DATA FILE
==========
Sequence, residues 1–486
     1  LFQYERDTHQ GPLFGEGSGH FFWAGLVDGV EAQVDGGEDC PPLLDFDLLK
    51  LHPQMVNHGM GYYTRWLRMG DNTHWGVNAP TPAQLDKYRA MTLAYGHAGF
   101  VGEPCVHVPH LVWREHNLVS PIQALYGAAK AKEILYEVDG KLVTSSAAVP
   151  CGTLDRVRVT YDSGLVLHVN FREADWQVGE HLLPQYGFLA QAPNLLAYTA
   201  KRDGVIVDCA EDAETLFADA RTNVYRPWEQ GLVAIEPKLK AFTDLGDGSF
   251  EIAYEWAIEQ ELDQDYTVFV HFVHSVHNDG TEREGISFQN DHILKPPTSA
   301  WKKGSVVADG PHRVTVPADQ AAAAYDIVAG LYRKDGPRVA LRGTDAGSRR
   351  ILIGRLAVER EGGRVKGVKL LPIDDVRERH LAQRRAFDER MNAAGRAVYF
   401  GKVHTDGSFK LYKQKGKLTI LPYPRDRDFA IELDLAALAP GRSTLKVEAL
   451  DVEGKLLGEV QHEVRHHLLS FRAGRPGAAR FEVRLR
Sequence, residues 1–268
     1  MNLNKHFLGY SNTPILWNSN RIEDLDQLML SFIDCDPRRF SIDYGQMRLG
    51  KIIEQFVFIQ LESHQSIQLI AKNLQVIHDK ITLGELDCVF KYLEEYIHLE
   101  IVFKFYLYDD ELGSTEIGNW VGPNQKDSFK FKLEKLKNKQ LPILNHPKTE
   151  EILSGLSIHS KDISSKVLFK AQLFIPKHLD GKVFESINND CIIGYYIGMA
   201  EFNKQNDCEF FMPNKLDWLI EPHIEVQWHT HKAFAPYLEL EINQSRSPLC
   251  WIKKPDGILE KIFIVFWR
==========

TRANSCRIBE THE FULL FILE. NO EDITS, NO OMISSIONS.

Sequence, residues 1–486
     1  LFQYERDTHQ GPLFGEGSGH FFWAGLVDGV EAQVDGGEDC PPLLDFDLLK
    51  LHPQMVNHGM GYYTRWLRMG DNTHWGVNAP TPAQLDKYRA MTLAYGHAGF
   101  VGEPCVHVPH LVWREHNLVS PIQALYGAAK AKEILYEVDG KLVTSSAAVP
   151  CGTLDRVRVT YDSGLVLHVN FREADWQVGE HLLPQYGFLA QAPNLLAYTA
   201  KRDGVIVDCA EDAETLFADA RTNVYRPWEQ GLVAIEPKLK AFTDLGDGSF
   251  EIAYEWAIEQ ELDQDYTVFV HFVHSVHNDG TEREGISFQN DHILKPPTSA
   301  WKKGSVVADG PHRVTVPADQ AAAAYDIVAG LYRKDGPRVA LRGTDAGSRR
   351  ILIGRLAVER EGGRVKGVKL LPIDDVRERH LAQRRAFDER MNAAGRAVYF
   401  GKVHTDGSFK LYKQKGKLTI LPYPRDRDFA IELDLAALAP GRSTLKVEAL
   451  DVEGKLLGEV QHEVRHHLLS FRAGRPGAAR FEVRLR
Sequence, residues 1–268
     1  MNLNKHFLGY SNTPILWNSN RIEDLDQLML SFIDCDPRRF SIDYGQMRLG
    51  KIIEQFVFIQ LESHQSIQLI AKNLQVIHDK ITLGELDCVF KYLEEYIHLE
   101  IVFKFYLYDD ELGSTEIGNW VGPNQKDSFK FKLEKLKNKQ LPILNHPKTE
   151  EILSGLSIHS KDISSKVLFK AQLFIPKHLD GKVFESINND CIIGYYIGMA
   201  EFNKQNDCEF FMPNKLDWLI EPHIEVQWHT HKAFAPYLEL EINQSRSPLC
   251  WIKKPDGILE KIFIVFWR